What is slavery, in simple economic terms, if not a 100% tax on income? You work, but someone else gets 100% of the benefits. Oh, they may give you a shed to live in, and give you some food! But you are still a slave, because you had no choice as to the arrangement!
Since I consider myself to be a free person, I can see no justification for any taxes on my income, as it constitutes a form of partial enslavement.
My body, my choice--my income, my choice.
And since I consider everyone ELSE (who is not convicted of a violent crime) to be FREE PEOPLE, I cannot justify taxing their incomes any more than I can justifying taxing mine.
Where have I gone wrong? Is 100% slavery absolutely wrong, but 50% or 25% or 17% slavery OK? Where and how do we draw the line?
Who can say that 17% slavery is acceptable, but that 19% is not?
Once it is established that partial slavery is legally and morally acceptable, politics becomes a battle over how much your group gets to enslave your neighbor, and how much her group gets to enslave you. (In the flat-tax debate, this translates directly into a discussion of which kinds of income will actually be counted as income, and which kinds won't.)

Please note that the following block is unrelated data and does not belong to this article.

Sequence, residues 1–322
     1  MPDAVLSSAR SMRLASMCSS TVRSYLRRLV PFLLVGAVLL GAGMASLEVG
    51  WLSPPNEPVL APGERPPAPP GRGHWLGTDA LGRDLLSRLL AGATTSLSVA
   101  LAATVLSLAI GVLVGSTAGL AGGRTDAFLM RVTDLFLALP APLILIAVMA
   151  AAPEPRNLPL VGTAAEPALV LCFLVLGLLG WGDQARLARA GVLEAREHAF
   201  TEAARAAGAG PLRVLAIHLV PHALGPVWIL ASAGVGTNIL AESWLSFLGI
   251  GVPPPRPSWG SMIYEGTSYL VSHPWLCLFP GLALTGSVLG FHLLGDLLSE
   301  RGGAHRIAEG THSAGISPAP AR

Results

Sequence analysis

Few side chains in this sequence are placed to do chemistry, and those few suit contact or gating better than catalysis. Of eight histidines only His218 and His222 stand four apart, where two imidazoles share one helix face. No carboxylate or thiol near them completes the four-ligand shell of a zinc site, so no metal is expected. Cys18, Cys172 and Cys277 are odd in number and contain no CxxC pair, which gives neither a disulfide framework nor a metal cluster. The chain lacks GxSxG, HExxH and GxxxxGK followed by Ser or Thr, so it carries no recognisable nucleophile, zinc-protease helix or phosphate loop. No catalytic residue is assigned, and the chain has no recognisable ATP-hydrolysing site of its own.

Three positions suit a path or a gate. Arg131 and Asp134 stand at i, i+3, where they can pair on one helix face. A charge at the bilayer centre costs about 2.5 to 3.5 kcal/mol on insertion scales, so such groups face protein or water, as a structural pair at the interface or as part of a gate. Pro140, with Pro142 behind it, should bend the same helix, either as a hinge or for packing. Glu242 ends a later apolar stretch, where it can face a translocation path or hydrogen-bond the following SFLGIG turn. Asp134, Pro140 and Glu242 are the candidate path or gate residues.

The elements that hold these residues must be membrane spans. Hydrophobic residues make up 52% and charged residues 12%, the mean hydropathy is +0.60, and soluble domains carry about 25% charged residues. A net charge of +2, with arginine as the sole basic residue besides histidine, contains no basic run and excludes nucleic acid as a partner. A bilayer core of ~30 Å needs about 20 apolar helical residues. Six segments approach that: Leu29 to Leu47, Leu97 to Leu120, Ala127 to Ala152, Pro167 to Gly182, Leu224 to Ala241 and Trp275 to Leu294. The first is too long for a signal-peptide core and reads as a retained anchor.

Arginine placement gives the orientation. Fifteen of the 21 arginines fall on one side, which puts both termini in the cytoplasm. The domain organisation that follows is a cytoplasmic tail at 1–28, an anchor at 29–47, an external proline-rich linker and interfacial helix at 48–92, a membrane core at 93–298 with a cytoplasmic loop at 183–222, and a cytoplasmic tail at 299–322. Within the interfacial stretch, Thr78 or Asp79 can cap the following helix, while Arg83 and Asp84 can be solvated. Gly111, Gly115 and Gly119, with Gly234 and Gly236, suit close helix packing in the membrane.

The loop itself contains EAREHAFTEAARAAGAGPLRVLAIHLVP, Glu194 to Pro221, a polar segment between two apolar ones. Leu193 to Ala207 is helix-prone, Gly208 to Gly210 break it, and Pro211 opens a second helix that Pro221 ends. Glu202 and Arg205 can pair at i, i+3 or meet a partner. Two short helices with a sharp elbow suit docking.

In THAT political environment, taking personal responsibility becomes more and more difficult, and less and less likely. In THAT environment, the only "logical" choice is to play the politics of envy, which leads to class division, which leads to hatred, which leads to the destruction of civility.
As partial slaves, we must CATEGORICALLY REJECT the idea that our only political choice is to gang up and try to enslave others. The only real choice available to a slave is to escape the clutches of the master, and to help other slaves escape the clutches of their masters. Harriet Tubman was right.
We must choose between slavery, envy and dissension--on the one hand--and freedom, choice, and voluntary association on the other.
Ah, but how do we support minimal govt, and keep it minimal? How do we guarantee justice and human rights, defense of the nation, and a system of law, WITHOUT this corrupting institution of partial slavery known as the INCOME TAX?
I will leave the answer to a future posting, wheren I will re-introduce the economic thinking of Henry George, a man who influenced Mark Twain, Winston Churchill, and millions of people, a century ago.
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